There are many pieces of legislation that the civil sector has drafted in recent months in an endeavour to do the state’s job for it. In other cases, non-governmental organisations have repeatedly been calling for the adoption of laws crucial for certain groups. The Law on Free Legal Aid, which has been in the pipeline for over ten years now, is a case in point: each government has established a new drafting group, but the law was never adopted because no administration was willing to stand up to the Bar Association, which claims monopoly on the provision of legal aid. There are numerous other pieces of legislation that have shared the fate of this law, including the Law Restricting Certain Rights and Liberties; Law on the Use of Deaf Sign Language; Law on the Use of Guide Dogs for the Visually Impaired; Law on Registered Partnerships; Law on Legal Consequences of Sex Change; Law on the Recognition of Legal Subjectivity of Persons without Identification Documents; Law Prohibiting Forced Evictions of Persons Residing in Informal Settlements; and the Public Initiative Law. The list goes on, but there is no particular reason why none of these laws was ever adopted. No political option stands to lose or gain from their enactment, yet they would strengthen the human rights framework in Serbia.
On the other hand, laws and international conventions implementation remains abysmally poor. The disappointing application of regulations that are crucial to respecting human rights (such as the 2006 Law on the Prohibition of Discrimination Against Persons with Disabilities and the 2003 Law on Accountability for Human Rights Violations, better known as the ‘Lustration Law’) speaks volumes about the disregard that successive governments have shown for much-needed improvements in this area. The 5000 petitions filed by Serbian people with the European Court for Human Rights are further proof of this, if any more were needed.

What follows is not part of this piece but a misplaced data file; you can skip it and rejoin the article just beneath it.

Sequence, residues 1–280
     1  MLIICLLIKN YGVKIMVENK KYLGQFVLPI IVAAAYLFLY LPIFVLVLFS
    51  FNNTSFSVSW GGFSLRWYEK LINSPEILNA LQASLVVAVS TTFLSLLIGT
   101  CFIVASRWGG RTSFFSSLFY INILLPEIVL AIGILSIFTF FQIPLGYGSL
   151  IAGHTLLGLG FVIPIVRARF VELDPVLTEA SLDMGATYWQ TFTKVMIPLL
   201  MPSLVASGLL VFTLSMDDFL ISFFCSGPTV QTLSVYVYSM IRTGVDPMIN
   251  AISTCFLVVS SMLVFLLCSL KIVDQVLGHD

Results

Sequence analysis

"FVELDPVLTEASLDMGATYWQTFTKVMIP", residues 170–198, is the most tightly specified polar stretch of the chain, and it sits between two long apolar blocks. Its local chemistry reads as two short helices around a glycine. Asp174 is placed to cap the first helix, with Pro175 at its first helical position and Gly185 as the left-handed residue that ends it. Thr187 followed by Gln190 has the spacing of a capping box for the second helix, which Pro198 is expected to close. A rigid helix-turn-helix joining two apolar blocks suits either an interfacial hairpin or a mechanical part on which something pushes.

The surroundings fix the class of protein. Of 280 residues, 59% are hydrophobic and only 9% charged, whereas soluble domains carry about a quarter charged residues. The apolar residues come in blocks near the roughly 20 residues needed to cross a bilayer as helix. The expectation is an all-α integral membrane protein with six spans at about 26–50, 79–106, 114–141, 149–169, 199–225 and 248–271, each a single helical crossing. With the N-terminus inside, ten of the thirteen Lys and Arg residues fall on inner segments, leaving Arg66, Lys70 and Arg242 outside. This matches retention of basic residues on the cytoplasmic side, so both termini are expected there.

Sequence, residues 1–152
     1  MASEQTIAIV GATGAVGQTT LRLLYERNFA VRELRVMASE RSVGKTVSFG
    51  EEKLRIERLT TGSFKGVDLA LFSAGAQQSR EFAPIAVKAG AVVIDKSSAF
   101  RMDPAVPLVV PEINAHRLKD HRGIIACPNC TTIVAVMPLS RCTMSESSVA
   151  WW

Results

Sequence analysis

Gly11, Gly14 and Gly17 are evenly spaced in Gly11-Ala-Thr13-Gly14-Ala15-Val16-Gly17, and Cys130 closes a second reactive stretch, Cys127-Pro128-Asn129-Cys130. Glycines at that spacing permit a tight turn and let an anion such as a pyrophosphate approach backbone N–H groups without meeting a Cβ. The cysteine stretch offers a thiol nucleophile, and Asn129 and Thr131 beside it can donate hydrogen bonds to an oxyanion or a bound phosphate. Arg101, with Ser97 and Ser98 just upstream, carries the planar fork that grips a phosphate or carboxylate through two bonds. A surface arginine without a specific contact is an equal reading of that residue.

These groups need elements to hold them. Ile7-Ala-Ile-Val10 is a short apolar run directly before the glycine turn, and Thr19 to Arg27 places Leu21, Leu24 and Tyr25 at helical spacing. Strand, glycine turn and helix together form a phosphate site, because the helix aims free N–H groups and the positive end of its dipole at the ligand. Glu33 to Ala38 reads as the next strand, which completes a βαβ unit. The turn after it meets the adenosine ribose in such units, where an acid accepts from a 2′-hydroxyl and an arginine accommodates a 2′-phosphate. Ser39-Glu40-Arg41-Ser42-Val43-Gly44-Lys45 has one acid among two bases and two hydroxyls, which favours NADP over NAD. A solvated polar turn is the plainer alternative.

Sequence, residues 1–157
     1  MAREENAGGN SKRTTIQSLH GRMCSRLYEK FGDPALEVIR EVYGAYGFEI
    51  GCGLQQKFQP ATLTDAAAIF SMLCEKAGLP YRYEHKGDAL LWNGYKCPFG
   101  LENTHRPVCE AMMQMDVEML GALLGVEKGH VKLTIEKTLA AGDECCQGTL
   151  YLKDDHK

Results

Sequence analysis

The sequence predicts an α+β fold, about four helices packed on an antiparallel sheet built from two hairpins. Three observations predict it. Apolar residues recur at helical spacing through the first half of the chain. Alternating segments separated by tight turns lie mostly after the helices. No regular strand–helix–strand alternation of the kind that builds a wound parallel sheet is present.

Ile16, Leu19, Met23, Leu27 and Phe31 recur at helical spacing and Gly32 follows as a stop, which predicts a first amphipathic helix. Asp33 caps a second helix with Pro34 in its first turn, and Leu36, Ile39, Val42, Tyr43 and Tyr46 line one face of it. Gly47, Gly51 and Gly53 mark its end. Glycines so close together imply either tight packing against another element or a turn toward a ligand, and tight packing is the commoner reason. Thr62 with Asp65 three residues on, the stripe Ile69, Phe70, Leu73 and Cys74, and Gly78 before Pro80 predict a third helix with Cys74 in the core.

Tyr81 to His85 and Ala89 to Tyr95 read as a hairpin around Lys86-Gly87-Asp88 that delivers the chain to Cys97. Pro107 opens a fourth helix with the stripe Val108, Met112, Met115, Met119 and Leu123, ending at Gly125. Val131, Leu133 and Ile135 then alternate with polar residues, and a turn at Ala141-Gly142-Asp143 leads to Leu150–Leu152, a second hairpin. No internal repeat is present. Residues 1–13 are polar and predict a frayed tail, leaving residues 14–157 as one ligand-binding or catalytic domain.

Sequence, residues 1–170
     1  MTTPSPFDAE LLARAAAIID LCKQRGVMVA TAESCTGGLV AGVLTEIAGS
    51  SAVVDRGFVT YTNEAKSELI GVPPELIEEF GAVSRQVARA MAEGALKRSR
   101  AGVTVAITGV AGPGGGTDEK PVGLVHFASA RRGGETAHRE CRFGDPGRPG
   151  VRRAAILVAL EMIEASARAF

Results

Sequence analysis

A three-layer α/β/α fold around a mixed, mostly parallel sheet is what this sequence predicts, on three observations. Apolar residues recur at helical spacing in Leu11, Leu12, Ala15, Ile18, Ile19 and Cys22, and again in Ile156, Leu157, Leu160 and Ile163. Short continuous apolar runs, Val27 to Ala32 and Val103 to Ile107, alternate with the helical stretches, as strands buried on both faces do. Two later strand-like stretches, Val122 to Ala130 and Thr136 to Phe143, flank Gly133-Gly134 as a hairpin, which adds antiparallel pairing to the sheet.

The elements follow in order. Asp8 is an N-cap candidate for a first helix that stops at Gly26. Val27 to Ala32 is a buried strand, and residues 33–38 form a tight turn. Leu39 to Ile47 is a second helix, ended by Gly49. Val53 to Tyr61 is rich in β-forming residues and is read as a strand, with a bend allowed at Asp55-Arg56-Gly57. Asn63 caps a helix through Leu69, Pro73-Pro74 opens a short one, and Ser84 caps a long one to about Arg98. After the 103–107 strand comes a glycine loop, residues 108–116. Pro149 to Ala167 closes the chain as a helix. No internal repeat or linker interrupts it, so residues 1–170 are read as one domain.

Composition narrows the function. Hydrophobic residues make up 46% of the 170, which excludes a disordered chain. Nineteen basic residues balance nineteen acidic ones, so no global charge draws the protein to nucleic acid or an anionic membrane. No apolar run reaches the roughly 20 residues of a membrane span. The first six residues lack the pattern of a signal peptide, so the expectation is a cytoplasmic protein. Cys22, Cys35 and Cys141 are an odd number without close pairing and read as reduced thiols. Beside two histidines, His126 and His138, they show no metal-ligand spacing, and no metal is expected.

Even less improvement is evident in the field of transitional justice. There is no fund that could serve to indemnify victims of war crimes and serious human rights abuses, whilst the Witness Protection Unit does exactly the opposite of what its name implies. War crimes trials are yet to contribute fully to the achievement of justice, whilst any mention of command accountability or the responsibility of the state of Serbia remains conspicuously absent from the verdicts. The last in a long line of scandalous legal initiatives is the proposed Law on civilian victims of war (formally the Draft Law on the Rights of Ex-Servicemen, Casualties of War, Civilian Casualties of War, and Members of their Families), which is deeply discriminatory and does not provide protection for numerous groups, including families of missing persons; victims of sexual abuse; victims suffering from mental issues as a consequence of their wartime experiences; those physically injured but disabled to a degree of less than 50 percent; persons killed by members of the Serbian armed forces; and persons killed in an another country’s territory.
The attainment of fair trial standards seems further away than before. Fresh reforms of the judiciary were initiated on multiple occasions, but always with unfortunate results. The justice system has not gained its independence; in consequence, trials take shockingly long to complete; all manner of scarcely credible occurrences take place at hearings; and penal policy encourages those ready to break the law. Trial transcripts, as dictated by judges to court reporters, are frequently at odds with what was actually said; in courtrooms, victims (for instance, of violence and torture) often sit side by side with perpetrators and are thus exposed to repeated victimisation, which judges as a rule ignore or even aggravate. In this context, the on-going lawyers’ strike can be seen as nothing more than ‘icing on the cake’; even if it is successfully resolved, this will not mean the system will run smoothly thereafter.